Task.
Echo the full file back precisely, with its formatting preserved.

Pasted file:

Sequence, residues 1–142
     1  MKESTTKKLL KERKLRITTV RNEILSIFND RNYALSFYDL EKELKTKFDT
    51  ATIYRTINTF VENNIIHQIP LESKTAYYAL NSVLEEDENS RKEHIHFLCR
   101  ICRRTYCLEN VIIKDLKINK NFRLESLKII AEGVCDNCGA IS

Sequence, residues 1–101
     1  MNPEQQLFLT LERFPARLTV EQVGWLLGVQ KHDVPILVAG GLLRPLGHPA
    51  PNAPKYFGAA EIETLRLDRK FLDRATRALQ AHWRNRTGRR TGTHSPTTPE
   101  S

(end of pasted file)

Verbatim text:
Sequence, residues 1–142
     1  MKESTTKKLL KERKLRITTV RNEILSIFND RNYALSFYDL EKELKTKFDT
    51  ATIYRTINTF VENNIIHQIP LESKTAYYAL NSVLEEDENS RKEHIHFLCR
   101  ICRRTYCLEN VIIKDLKINK NFRLESLKII AEGVCDNCGA IS

Sequence, residues 1–101
     1  MNPEQQLFLT LERFPARLTV EQVGWLLGVQ KHDVPILVAG GLLRPLGHPA
    51  PNAPKYFGAA EIETLRLDRK FLDRATRALQ AHWRNRTGRR TGTHSPTTPE
   101  S